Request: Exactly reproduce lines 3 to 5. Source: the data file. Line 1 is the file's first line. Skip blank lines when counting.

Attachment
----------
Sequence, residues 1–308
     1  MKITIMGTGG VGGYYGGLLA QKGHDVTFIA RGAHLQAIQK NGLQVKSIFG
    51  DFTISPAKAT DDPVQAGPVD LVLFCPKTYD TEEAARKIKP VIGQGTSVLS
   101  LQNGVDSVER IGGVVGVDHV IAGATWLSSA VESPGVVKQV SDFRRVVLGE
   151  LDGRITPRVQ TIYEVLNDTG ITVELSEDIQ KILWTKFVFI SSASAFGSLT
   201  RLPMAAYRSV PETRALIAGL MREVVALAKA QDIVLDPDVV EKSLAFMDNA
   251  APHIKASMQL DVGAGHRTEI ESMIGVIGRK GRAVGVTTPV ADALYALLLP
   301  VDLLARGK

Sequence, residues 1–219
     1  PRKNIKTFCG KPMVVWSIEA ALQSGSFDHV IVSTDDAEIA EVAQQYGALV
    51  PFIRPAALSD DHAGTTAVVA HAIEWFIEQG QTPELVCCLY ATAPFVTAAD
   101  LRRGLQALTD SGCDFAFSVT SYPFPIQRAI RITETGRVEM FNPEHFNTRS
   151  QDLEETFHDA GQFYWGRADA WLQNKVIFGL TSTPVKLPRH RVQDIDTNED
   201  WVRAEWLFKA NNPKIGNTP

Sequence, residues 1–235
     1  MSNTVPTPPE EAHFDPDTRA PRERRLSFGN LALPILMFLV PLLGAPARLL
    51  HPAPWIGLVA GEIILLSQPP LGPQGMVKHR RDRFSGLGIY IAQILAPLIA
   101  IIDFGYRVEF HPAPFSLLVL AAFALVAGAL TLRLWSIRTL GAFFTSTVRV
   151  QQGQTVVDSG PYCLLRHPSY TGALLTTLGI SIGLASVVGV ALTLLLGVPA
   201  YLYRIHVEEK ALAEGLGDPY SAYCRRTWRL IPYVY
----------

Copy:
    51  DFTISPAKAT DDPVQAGPVD LVLFCPKTYD TEEAARKIKP VIGQGTSVLS
   101  LQNGVDSVER IGGVVGVDHV IAGATWLSSA VESPGVVKQV SDFRRVVLGE
   151  LDGRITPRVQ TIYEVLNDTG ITVELSEDIQ KILWTKFVFI SSASAFGSLT